What the law of karma teaches


The law of karma is a fundamental concept in some Eastern philosophies and religions. At its core, karma suggests that every action — whether physical, mental, or emotional — produces a corresponding effect, influencing our future. It is often summarized as “as you sow, so shall you reap.”
The law of karma emphasizes personal responsibility for our actions, thoughts, and intentions. Positive actions tend to yield positive results, while negative actions bring negative consequences. There is no escaping the consequences of our actions, which may be felt immediately or experienced later. Later here includes subsequent lives, because it is the soul that performs actions through the body and experiences the results thereof. The immortal soul is the living being that thinks, speaks, feels, and acts; the body is the physical medium through which it functions. The soul carries with it a record of all its actions, so it can experience the results thereof at any point of time in future.
Knowing this encourages ethical behaviour, and promotes kindness, compassion, and mindfulness in our actions. It also teaches us that adverse experiences might be the result of our past actions, helping us accept and reconcile with them, learn from our mistakes, and evolve spiritually. In addition, we can aim to create a better future for ourselves by cultivating positive actions and intentions.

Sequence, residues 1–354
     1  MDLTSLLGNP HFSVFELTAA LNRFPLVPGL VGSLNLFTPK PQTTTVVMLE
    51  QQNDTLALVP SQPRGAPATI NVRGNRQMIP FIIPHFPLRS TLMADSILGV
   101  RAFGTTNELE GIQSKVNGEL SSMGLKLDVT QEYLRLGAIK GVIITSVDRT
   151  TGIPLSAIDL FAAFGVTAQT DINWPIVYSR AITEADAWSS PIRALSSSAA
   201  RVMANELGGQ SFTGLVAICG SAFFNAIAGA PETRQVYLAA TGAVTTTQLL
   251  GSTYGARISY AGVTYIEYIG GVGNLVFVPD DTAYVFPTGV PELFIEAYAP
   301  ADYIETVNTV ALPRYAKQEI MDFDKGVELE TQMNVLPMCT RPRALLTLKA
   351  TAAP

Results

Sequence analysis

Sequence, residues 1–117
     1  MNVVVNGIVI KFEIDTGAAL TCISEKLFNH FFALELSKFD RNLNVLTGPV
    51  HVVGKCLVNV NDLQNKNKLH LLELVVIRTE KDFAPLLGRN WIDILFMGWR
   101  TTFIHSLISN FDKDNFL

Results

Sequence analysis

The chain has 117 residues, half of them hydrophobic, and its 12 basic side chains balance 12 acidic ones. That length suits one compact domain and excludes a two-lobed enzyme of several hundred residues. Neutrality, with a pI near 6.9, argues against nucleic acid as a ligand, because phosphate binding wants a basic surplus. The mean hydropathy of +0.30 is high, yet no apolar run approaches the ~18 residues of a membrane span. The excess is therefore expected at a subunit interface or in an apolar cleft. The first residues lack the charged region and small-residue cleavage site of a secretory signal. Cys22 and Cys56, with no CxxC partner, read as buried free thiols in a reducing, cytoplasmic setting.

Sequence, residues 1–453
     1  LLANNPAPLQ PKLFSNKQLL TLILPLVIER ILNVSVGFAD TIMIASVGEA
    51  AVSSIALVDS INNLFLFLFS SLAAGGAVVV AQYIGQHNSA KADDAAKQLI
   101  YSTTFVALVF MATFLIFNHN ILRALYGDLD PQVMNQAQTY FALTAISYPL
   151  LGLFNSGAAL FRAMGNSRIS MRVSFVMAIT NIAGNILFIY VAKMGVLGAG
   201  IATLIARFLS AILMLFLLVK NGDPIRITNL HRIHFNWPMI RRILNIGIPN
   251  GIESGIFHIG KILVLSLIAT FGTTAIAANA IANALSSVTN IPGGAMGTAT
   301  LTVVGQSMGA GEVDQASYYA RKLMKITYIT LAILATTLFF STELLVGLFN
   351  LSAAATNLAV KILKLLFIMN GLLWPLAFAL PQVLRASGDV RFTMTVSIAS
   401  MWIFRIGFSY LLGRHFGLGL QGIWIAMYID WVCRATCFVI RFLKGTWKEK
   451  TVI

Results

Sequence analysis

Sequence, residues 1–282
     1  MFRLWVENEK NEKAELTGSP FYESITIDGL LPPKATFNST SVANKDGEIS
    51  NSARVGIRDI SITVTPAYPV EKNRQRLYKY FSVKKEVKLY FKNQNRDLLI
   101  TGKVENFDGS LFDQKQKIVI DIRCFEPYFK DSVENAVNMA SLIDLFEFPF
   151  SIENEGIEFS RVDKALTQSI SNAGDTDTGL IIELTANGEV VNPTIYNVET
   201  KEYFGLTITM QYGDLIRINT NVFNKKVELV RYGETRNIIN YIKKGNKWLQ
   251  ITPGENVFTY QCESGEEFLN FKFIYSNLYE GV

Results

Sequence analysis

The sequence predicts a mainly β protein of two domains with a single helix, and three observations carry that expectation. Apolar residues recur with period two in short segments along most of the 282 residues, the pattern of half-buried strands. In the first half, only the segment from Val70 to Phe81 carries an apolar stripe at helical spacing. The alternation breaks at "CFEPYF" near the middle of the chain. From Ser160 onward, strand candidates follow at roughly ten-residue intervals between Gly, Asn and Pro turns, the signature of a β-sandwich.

While the law of karma offers us a guideline for personal development, if we are not careful, it can cause us to be callous, harsh, and judgmental. When we know that everyone is experiencing the consequences of their actions, we can sometimes look at the misfortunes and hardships of others and tell ourselves, “They have surely done something to deserve this”, and turn our back on them.
We may be right about the cause of someone’s suffering, but are we doing what is right? What kind of karma are we creating when we condemn someone who is already suffering? Is this what the law of karma teaches us to do? Surely not!
One of the lessons of the law of karma is not to judge others for their karma – if we do that, we too will be judged harshly. Being benevolent is one of the best kinds of karma. A benevolent soul does not look at who is wrong, whose fault it is, and who deserves to be punished. They know that the one who has been wronged and one who has done wrong, both are in need of empathy and good wishes. It is the energy of goodwill and love that brings transformation and healing in souls, so that is what benevolent souls give. To rise above the karmic story of someone, see them as a brethren soul, and help elevate the quality of their consciousness and actions is, perhaps, one of the highest forms of karma.
B.K. Atam Prakash is a Rajyoga teacher at the Brahma Kumaris headquarters in Mount Abu, Rajasthan.